Career Retrospective: How Will Kobe Bryant Be Remembered?

As Kobe Bryant begins his farewell tour, we take a look back on what has become one of the greatest careers in the history of basketball.

By: Brian Byrnes | Wednesday Dec 02, 2015

If there is one thing Kobe Bryant has done over his 20 years in the NBA, he has certainly made a lot of memories for NBA fans. But which moment will be remembered as his best?

When we think about Bryant years from now, we will think of his most iconic moments. Whether it’s his 81 point game against the Raptors, his impossible buzzer beaters against Portland, or capturing his fifth championship, the past couple of seasons will be forgotten flukes in a 20-year run of greatness. While the success of the team has wavered, Kobe’s individual greatness has been constant sine the day he came out of high school and into the NBA.

His legacy seems to be taken for granted at times. Bryant, who is in his 20th NBA season, is still averaging 15.5 points, 4.1 rebounds and 3.4 assists. Forget percentages and other advanced metrics for a bit. That stat line alone is one most NBA shooting guards would kill for as their career average, and for Kobe, it’s the worst stats he has put up since his rookie year and injury-plagued seasons.

Take comfort in the fact that Bryant will not be remembered as the over-the-hill gunner, that some critics are making him out to be. He is without question, tied with Michael Jordan as the best scoring guard in NBA history. Jordan once did an interview with Ahmad Rashad where he talked about playing one-on-one with all-time greats and said, “I don’t think I would lose, other than to Kobe Bryant because he steals all of my moves.”

Bryant started out as a sidekick to Shaquille O’Neal, and together, they bulldozed over the NBA for three straight years. Once Shaq stopped staying in shape and goofing around more, Kobe started to get on his case, leading to a feud, which broke up their dynamic duo. In 2004, Bryant was officially the lone face of the Los Angeles Lakers.

Kobe thrived under the pressure, despite being surrounded by mostly role players from 2005 to 2007. He averaged 31-5-5 over that span, but the Lakers struggled in the stacked western conference and never made it past the first round in the playoffs.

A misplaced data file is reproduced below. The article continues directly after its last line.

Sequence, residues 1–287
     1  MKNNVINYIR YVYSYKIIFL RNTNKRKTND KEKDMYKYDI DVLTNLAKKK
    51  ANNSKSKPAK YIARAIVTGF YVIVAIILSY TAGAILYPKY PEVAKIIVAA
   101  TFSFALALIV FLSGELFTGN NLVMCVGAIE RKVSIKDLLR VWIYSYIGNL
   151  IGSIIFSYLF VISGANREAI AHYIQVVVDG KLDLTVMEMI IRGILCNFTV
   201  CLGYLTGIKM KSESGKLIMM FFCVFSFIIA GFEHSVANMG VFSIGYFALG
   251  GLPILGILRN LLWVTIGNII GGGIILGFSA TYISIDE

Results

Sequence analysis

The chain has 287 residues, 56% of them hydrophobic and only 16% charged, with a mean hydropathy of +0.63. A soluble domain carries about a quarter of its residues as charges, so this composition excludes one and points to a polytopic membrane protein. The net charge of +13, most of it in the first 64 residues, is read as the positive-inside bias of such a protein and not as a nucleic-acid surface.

Bryant was disgusted with losing, and started demanding trades to a legitimate contender. But as trade talks gained steam and time passed, Bryant realized what it meant to be a Laker for life, and trusted in Lakers Owner Jerry Buss. In an interview with Yahoo! Sports, he said, “It hit me that I didn’t really want to walk out on Dr. Buss.”

It was a big risk for Bryant, but Buss is known for always restoring the Lakers back to championship contention. Buss kept his word, and in 2008, the Lakers acquired all-star power forward Pau Gasol without giving up any core players. The trade saved the Lakers’ season; they finished first in the western conference, Bryant was named regular season MVP, and the Lakers made it to the 2008 NBA Finals.

They lost to the Boston Celtics in six games, but they would reach the finals the next two years. The Lakers got their revenge in 2010, beating the Celtics in seven games, where Bryant captured his fifth championship.

2011 was when the wheels started to fall off for the Lakers core group. They ran into a buzz saw in the second round of the 2011 playoffs, where they were swept by, the eventual champions, the Dallas Mavericks. It was an upset by the Mavericks for sure, but the landscape of the NBA changed with the rise of the Oklahoma City Thunder, who knocked them out in 2012.

From 2011 on, the Thunder and the Spurs were getting younger while the Lakers kept aging. In a last ditch effort to build a super team in 2012, the Lakers signed Steve Nash and traded for Dwight Howard and went all in for the 2013 NBA Title. Unfortunately, while Kobe had a great year, the team failed miserably. Dwight and Kobe were constantly fighting, Nash could not stay healthy and Kobe’s body officially broke down when he tore his Achilles only days before the 2013 playoffs.

The destruction of that team has negatively impacted the franchise since 2012. Once Howard left in 2013 and Gasol left in 2014, Kobe saw that his team had no chance and cashed in for his last two years in the NBA, signing a two-year, $48.5 million deal with the Lakers.

Many people criticized Bryant for taking so much money and called him greedy. Realistically, the Lakers had one aging superstar in Bryant and no tangible way of wooing someone to play alongside him. No emerging star wants to step on Bryant’s toes; he’s so great that it is intimidating to take over the franchise. He’s so great that he is scary.

As a lifelong Celtics fan, it is bittersweet to see Bryant go. I rooted against him for years, but each passing year, I have appreciated what he has done for basketball and marveled at his greatness. He would rather run his body into the ground, and carry an abysmal roster than hand the franchise to a player who he deems as not ready. That is something not many 37-year-olds would do, and it is certainly admirable.

At this stage in Bryant’s career, we all need to respect that he is honoring his contract and finishing the season. He could retire right now and cash in on his contract, but he is accepting the beating of an 82 game season at his age, and will give whatever his body has left to muster. If you have a chance to see one of his last games, take it. That is Kobe Bryant’s legacy; once you see a player like him, you’ll never forget it.

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